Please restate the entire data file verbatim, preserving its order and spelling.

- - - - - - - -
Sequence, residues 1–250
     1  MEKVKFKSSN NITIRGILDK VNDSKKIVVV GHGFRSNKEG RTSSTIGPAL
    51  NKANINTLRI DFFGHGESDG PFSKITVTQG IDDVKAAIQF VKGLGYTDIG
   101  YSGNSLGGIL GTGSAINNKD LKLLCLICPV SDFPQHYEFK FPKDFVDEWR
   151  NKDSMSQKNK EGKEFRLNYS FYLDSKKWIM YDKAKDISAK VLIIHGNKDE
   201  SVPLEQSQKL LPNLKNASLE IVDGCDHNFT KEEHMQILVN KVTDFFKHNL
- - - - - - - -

Sequence, residues 1–250
     1  MEKVKFKSSN NITIRGILDK VNDSKKIVVV GHGFRSNKEG RTSSTIGPAL
    51  NKANINTLRI DFFGHGESDG PFSKITVTQG IDDVKAAIQF VKGLGYTDIG
   101  YSGNSLGGIL GTGSAINNKD LKLLCLICPV SDFPQHYEFK FPKDFVDEWR
   151  NKDSMSQKNK EGKEFRLNYS FYLDSKKWIM YDKAKDISAK VLIIHGNKDE
   201  SVPLEQSQKL LPNLKNASLE IVDGCDHNFT KEEHMQILVN KVTDFFKHNL